5. Construction

With a successful planning application, the next step is to select a good contractor and start construction. Here small sites offer unique issues that need to be solved: Where are there site accommodations for the contractors? Where will material be stored and how to deliver material and work the site with minimal affect on traffic and neighbours. Here an experienced and imaginative builder and architect can find innovative solutions.

Some things to consider are off-site manufacturing and construction, materials and structural solutions. All these need to be solved at the early stages of design.

6. Costs

We have touched on the costs above, but it is worth baring in mind that the costs of site, and design are proportionally going to be higher than in similar large-scale projects. The solutions to some of the issued raised, such as planning and construction methods will require substantial and early design work. Above what is normally expected.


These are some broad stroke matters that need to be considered if Small Sites are to become successful. Some of these might seem like large hurdles, but the right help will make the process much smoother. The most exciting thing with small site development is the individual character of each development. For self-builders, this is an opportunity to get a home tailored to their lifestyle.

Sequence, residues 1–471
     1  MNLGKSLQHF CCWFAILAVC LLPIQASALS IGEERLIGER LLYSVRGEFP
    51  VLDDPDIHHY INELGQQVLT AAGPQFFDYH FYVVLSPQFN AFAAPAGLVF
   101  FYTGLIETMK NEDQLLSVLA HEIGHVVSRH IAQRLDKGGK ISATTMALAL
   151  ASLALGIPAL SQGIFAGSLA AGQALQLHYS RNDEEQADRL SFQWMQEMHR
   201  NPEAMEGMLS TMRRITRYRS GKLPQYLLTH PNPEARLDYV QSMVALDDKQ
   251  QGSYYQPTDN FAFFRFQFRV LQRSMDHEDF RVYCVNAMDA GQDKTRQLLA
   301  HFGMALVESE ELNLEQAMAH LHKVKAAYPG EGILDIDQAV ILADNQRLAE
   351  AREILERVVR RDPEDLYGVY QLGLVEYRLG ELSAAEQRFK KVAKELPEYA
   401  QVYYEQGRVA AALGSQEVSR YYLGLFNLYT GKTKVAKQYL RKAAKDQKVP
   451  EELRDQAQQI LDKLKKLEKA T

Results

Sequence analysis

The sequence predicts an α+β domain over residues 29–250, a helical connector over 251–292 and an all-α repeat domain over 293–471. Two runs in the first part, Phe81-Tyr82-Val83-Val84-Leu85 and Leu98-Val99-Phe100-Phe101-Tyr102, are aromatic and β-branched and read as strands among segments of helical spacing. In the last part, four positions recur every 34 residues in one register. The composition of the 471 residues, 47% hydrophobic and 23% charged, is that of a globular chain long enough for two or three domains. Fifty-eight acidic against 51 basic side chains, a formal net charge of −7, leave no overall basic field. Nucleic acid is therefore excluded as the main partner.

For further information, please contact our office directly.

Notes on policy:

Excessive land valuation is hindering development and promoting speculations. One solution is for the government to make a serious consideration of expanding the use of compulsory purchase orders and its associated land valuation.

As with other planning issues, the Government is long overdue to re-structure the planning system. Planners need to stop regarding of themselves as architects or second clients.

The government needs to become brave enough to change the “Neighbourhood Consultation/Complaints” procedures. We can not keep running the planning system based on NIMBYism.


By Gudjon Thor Erlendsson

© 2019 Gudjon Thor Erlendsson, all rights reserved.